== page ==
US Rules Kuwait Airways Must Fly Israeli Citizens

Back in September I wrote about Kuwait Airways denying boarding to an Israeli passport holder. They weren’t flying to Kuwait. They were flying New York – London.

What’s more, the customer didn’t even choose to buy a ticket from Kuwait Airways.

  • They bought their ticket on Priceline
  • It was issued as an Air India codeshare

There, it was Priceline’s fault for booking a passenger onto a flight where the carrier would not accept them.

Kuwait’s policy has been challenged, though. Eldad Gatt, a citizen and resident of Israel, tried to buy a ticket on a Kuwait Airways flight between New York and London using the airline’s website. He was required to enter his passport-issuing country and nationality, and Israel isn’t an option so he couldn’t purchase a ticket. (As the Priceline case demonstrates, if he had bought the ticket elsewhere he would have been refused passage with his Israeli passport in any case.)

Gatt filed a DOT complaint under 49 U.S.C. § 40127, which prohibits discrimination “on
the basis of race, color, national origin, religion, sex, or ancestry” — but the DOT refused to take action. Their position was that there was no national origin discrimination in a policy “based
on citizenship or passport status” and that rather than violating law, the airline was following a 1964 Kuwait law prohibiting the airline from doing business with those “working for or in the interest of Israel.”

The customer filed a petition in March 2014 with the federal appeals court for the DC Circuit for review of this decision, and the DOT agreed to review its position in exchange for suspending the case.

Gatt eventually asked the court to proceed because of agency inaction. However the Department of Transportation has now ruled that Kuwait Airways’ refusal to transport Israeli passport holders between New York and London violates US law.

The department concluded that Kuwait Airways discriminated. In a letter to the airline, the department said Kuwait Airlines must comply with U.S. laws forbidding discrimination in exchange for access to U.S. facilities.

“It is our duty to ensure that the transportation system is free of discrimination. Period,” Transportation Secretary Anthony Foxx said in announcing the letter.

No doubt the two years it took to get there involved DOT coordination with the State Department as this represents an issue of the US’ overall relationship with Kuwait. The airline has 15 days to respond to DOT.

Kuwait Airways offers a mediocre passenger experience. Here’s the brand new business class product offered by this dry airline:

They’re often cheap. They have the cheapest current business class fare between Colombo, Sri Lanka and New York for instance (I’d definitely pay a $200 premium and fly Turkish one-stop via Istanbul..).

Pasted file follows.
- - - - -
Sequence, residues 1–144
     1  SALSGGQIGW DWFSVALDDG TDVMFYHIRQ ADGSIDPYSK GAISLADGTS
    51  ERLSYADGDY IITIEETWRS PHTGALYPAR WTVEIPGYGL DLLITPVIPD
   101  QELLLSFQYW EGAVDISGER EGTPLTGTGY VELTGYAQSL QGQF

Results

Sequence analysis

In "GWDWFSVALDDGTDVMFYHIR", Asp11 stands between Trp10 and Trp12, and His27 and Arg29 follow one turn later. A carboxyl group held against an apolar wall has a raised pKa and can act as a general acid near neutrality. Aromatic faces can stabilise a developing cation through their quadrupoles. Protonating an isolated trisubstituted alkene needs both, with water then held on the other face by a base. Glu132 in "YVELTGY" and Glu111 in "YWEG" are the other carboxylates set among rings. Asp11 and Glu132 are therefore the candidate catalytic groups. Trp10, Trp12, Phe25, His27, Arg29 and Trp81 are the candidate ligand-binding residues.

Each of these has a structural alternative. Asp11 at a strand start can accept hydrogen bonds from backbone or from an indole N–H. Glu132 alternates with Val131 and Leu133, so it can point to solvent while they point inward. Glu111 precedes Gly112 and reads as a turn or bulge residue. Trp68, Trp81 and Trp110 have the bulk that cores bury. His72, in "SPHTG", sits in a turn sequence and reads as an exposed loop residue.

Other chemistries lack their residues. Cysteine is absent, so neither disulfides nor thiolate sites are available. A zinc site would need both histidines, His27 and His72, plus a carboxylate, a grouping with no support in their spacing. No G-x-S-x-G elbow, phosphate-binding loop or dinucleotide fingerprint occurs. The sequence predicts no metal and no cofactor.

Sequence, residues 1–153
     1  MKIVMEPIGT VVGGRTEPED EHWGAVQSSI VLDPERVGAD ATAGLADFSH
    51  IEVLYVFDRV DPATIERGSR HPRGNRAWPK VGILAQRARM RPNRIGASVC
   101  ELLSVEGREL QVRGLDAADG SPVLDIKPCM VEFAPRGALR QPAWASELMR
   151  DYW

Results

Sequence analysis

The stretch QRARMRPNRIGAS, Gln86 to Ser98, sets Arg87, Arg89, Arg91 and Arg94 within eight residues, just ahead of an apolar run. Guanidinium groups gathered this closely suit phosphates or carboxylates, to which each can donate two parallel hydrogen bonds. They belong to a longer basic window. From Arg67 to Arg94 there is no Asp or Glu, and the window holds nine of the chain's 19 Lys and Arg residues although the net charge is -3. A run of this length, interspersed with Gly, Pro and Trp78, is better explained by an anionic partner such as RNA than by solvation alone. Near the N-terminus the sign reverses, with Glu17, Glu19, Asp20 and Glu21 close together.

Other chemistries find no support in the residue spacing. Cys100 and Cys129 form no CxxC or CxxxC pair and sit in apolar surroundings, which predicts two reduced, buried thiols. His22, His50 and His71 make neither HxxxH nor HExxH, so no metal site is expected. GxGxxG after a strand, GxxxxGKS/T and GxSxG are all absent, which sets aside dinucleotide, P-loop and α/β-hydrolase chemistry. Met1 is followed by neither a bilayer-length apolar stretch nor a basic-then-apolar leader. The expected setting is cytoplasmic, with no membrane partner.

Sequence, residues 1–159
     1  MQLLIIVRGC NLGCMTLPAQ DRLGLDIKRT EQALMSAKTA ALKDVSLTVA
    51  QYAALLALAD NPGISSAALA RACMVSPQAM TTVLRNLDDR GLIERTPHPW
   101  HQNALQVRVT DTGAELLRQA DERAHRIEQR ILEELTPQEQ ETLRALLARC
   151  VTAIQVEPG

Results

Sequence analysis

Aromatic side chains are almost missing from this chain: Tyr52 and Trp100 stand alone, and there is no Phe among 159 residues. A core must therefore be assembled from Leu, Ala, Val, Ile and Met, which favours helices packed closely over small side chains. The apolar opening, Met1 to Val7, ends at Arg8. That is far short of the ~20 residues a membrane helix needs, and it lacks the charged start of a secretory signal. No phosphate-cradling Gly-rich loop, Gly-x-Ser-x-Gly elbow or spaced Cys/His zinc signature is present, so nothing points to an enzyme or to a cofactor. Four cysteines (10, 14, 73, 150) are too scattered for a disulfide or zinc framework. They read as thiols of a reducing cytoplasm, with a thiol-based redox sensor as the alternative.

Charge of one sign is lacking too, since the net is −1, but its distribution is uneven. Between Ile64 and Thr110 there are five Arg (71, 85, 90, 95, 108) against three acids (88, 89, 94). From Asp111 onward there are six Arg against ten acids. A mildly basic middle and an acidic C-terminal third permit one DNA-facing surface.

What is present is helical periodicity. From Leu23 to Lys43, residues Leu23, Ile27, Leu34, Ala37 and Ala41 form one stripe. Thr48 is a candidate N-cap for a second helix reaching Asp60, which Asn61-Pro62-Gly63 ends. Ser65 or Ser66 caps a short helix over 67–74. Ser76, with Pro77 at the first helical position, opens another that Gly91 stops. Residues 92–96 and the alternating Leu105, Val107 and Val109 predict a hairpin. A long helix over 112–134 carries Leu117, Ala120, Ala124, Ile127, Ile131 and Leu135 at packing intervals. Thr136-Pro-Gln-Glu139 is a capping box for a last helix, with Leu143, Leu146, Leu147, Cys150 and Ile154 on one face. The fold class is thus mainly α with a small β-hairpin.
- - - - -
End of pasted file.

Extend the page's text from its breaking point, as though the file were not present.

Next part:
They are in a unique position with ‘5th freedom’ rights that allow them to fly between London Heathrow and New York JFK.

It does seem rather black letter law that an unwillingness to carry Israeli citizens between the US and UK violates US legal prohibitions on ‘national origin’ discrimination.

Kuwait Airways could reconcile US and Kuwait law by dropping this fifth freedom route and flying non-stop between the US and Kuwait City. Israelis cannot get Kuwait visas, and so it would be permissible for the airline to deny transportation without violating US law.

Indeed, that’s already what they do 3 days a week. They’d simply need to convert their one-stop flight via London to a non-stop (or limit their New York – Kuwait flights to non-daily service).

(HT: Dov)

About Gary Leff

Gary Leff is one of the foremost experts in the field of miles, points, and frequent business travel - a topic he has covered since 2002. Co-founder of frequent flyer community InsideFlyer.com, emcee of the Freddie Awards, and named one of the "World's Top Travel Experts" by Conde' Nast Traveler (2010-Present) Gary has been a guest on most major news media, profiled in several top print publications, and published broadly on the topic of consumer loyalty. More About Gary »

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Comments

  1. Good. I’m no fan of the Israeli government or its policies, but this kind of blatantly racist discrimination should not be tolerated. Frankly, the US needs to do more to pressure its Middle East allies on issues of human rights and discrimination.

  2. Good. I’ve complained about Saudia’s policy on this as well and the DOT denied my complaint. Technically, “citizenship” isn’t the same as “national origin” and so they think it’s okay to deny Israeli passport holders. I think that’s bullshit – you want to fly to the US, you will accept every passenger.

  3. I agree with the DOT’s ruling that the practice is discriminatory.

    That said, I’m not sure how enthusiastic I’d be to avail myself of certain services that’ve been forced by law. That would apply here, to the wedding cake, or (if ever) to the person cutting my hair or operating on me.

  4. Kuwaiti law allegedly restricts the ability of Kuwait Airways to agree to fly certain people on its planes regardless of route. That group of certain people restricted under Kuwaiti law seems to include all those presenting Israeli passports.

    US law restricts the ability of US airlines to fly certain people on their planes regardless of route. If a certain group of passengers is blacklisted by the US Government in some ways, they can’t fly even intra-Asia on US airlines the ways all others do unless and until the US Government grants US airlines a waiver.